Long and scholarly dissertations on the topic of belief can, and have been written by those far better equipped than I am to do so. The subject has come up in a couple of movies I've watched recently though. A blog post on that level might just be within my scope. Before I get to the two films, I coincidentally came across an article at Salon the other day about five religious leaders who have lost their belief and have become outspoken atheists. That article led me to recall reading of an astrologer who, when interviewed for Garry Phillipson's book Astrology in the Year Zero (2000) described his feelings when retreating from his professional capacity, due to loss of belief. (See HERE) It does appear, however, that much later on the astrologer in question, David Hamblin, did decide to give astrology another spin - see his website HERE. Another lapsed astrologer was mentioned in a post of mine in February 2011: Rudolf Smit.
It would seem that any belief, however strongly held, is capable of being reversed. Conversely any disbelief, however strong, is capable of being transformed into belief. That is at the the crux of the two movies I've mentioned: K-PAX (2001) and The Man from Earth (2007). K-PAX was adapted from a novel by Gene Brewer; The Man from Earth has a screenplay co-written by science fiction novelist Jerome Bixby (his last piece of writing before he died, in fact.)
In K-PAX a psychiatric patient, after claiming he is an extraterrestrial from the planet 'K-PAX', 1,000 light years away in the Lyra constellation. His name is prot (uncapitalized and rhyming with "goat"). He is committed to the Psychiatric Institute of Manhattan. There, psychiatrist Dr. Mark Powell attempts to cure him of his apparent delusions. However, prot shows himself able to provide cogent answers to questions about himself, K-PAX his home planet and its civilization. Dr. Powell introduces him to a group of astrophysicists, to whom prot displays a level of knowledge that leaves them aghast. Prot also exhibits easy influence over the other patients at the Institute. They each come to believe that he is indeed from K-PAX. Prot, who claims to have journeyed to Earth by means of "light-travel", explains that he can take one person with him when he instantaneously returns on a pre-selected date.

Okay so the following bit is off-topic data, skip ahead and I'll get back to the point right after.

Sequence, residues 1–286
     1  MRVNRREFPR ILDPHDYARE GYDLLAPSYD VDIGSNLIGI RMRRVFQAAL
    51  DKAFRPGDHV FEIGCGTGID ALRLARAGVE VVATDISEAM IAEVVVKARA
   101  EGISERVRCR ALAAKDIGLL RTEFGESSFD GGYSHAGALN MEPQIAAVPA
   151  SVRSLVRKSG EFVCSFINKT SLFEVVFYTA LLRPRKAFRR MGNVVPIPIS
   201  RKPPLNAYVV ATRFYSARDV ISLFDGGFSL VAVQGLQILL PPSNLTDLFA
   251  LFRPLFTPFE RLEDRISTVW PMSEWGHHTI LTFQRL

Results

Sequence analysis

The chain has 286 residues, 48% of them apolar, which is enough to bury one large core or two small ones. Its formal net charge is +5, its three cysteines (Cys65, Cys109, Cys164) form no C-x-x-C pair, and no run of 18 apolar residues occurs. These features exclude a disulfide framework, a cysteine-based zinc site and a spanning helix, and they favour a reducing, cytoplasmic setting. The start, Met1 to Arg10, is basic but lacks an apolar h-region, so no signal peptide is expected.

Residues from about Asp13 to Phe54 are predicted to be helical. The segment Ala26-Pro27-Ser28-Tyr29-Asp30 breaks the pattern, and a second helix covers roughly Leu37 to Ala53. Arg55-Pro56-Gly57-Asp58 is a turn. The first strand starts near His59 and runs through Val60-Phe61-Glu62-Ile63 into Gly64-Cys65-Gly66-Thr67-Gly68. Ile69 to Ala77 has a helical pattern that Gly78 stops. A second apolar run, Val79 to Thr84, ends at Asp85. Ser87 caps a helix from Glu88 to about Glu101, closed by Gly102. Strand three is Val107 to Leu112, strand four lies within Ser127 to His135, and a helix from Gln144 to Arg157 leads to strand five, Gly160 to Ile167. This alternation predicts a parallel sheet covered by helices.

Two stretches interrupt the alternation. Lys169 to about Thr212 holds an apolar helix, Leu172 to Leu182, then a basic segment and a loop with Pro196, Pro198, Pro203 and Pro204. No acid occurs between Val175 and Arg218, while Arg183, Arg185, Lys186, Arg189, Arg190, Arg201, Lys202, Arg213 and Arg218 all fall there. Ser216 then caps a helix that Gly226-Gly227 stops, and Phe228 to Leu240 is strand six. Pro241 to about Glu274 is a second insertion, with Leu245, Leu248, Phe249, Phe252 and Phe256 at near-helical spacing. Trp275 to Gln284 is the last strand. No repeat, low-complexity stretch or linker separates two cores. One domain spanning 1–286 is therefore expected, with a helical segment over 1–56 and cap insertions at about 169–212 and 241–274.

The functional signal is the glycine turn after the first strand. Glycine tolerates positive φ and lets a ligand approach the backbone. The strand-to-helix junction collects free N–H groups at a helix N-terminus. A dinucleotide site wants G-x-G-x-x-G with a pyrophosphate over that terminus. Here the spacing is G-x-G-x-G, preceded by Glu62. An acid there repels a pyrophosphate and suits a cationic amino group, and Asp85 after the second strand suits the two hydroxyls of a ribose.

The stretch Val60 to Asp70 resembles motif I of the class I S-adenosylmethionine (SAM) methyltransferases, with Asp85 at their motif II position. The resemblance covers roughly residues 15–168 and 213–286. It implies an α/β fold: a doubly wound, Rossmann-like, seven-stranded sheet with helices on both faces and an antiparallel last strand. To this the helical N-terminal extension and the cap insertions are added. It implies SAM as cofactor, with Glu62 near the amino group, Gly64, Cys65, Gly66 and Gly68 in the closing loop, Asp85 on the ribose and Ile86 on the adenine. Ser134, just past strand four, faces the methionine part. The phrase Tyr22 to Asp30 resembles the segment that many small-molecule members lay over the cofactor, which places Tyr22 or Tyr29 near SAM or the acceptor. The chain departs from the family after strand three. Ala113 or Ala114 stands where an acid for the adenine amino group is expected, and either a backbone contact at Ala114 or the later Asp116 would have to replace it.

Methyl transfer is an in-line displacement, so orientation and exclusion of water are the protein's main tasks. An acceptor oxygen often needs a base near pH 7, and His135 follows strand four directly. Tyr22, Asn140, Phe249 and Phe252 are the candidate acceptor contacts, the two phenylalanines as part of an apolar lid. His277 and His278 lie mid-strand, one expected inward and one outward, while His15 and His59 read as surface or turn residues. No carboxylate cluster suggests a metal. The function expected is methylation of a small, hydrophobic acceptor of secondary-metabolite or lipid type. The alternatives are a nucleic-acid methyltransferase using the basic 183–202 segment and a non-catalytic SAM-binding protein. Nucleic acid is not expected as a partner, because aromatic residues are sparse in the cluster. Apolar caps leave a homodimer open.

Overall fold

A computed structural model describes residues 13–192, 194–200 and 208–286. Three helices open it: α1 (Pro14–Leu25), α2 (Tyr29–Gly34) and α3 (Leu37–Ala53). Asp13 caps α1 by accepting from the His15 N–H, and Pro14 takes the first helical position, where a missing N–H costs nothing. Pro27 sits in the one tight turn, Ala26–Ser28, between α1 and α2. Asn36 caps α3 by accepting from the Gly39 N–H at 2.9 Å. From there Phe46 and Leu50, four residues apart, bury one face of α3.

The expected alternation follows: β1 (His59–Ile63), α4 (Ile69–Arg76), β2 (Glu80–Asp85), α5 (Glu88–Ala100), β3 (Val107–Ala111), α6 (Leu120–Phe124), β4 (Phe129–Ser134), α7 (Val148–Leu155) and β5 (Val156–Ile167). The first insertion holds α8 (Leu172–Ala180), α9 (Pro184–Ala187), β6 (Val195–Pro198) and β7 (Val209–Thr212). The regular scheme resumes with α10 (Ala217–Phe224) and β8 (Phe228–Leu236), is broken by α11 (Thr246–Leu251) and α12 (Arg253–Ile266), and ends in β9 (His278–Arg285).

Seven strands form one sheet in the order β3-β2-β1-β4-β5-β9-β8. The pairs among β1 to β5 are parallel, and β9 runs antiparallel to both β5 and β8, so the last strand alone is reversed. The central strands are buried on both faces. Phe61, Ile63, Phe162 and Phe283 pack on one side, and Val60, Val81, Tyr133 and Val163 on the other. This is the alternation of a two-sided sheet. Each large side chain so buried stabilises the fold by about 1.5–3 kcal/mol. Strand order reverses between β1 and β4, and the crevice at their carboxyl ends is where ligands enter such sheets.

That brief synopsis based on Wiki's page is all I'll add, so as not to spoil the movie should anyone who reads this wish to see it. The film leaves one still wondering, should the characters have believed; would I, could I, have believed his amazing story?
The same question came up after watching The Man from Earth. This is a wordier, more deeply thought-provoking film than K-PAX, but in much the same "ballpark". Here a group of university academics gather in a country cabin to say farewell to a colleague (John Oldman) who has unexpectedly decided to up-sticks and move on. The cabin is the only setting we see, scenes moving only from a single room and fireside to just outside the door once or twice. The film was very quickly and cheaply made, but is certainly none the worse for that. It could quite easily be performed on stage, and has been.
Again, so as not to spoil things for others, only a brief synopsis: some lines from Wiki:
As John's colleagues continue to pressure him for the reason for his departure, John slowly, and somewhat reluctantly, reveals that he is a prehistoric "caveman" who has lived for more than 14 millennia and that he relocates every 10 years to keep others from realizing that he does not age. He begins his story under the guise of a possible science-fiction story, but he eventually stops speaking in hypotheticals and begins answering questions from a first-person perspective. His colleagues refuse to believe his story. John continues his tale, stating that he was once a Sumerian for 2000 years, then a Babylonian under Hammurabi, then a disciple of Gautama Buddha. He claims to have known Christopher Columbus, Van Gogh (he owns a painting which was a gift from the artist), and other famous historical figures. John's colleagues question his story according to their specialties: Harry, the biologist, discusses the possibility of a human living for so long. Art, the archaeologist, questions John about events in prehistory; he exclaims that John's answers, though correct, could have come from any textbook, to which John points out the nature of knowledge, as he can only put his memories together with modern science after he learnt the new ideas with the rest of humanity. When the discussion turns to the topic of religion, John mentions that he is not a follower of a particular religion; though he does not necessarily believe in an omnipotent God, he does not discount the possibility of such a being's existence................................No more!
So, was K-PAX's prot really a delusional psychiatric patient with a savant-like level of knowledge, or.........? What about John Oldman? He, being a university professor had plenty of brain power, sufficient to answer all queries about a 14,000 year life span, and deflect any confrontational argument. He had a certain charisma too, gentle yet persuasive, never bombastic. What could his motive have been to so deceive his friends? Was he simply, what in today's parlance might be termed, "an attention whore"? He didn't come across that way - but do they ever?
I particularly enjoyed the part of the conversation relating to religion, but can say no more about that without revealing too much.
Though I could find myself wishing otherwise, it has to be kept in mind that this was all pure fiction. Both authors had nifty, if frustrating, endings up their sleeves too.
I'll say thank you, here, to commenter "DC" for recommending The Man from Earth to me in a comment a short time ago. I enjoyed the movie a lot, shall probably watch it again.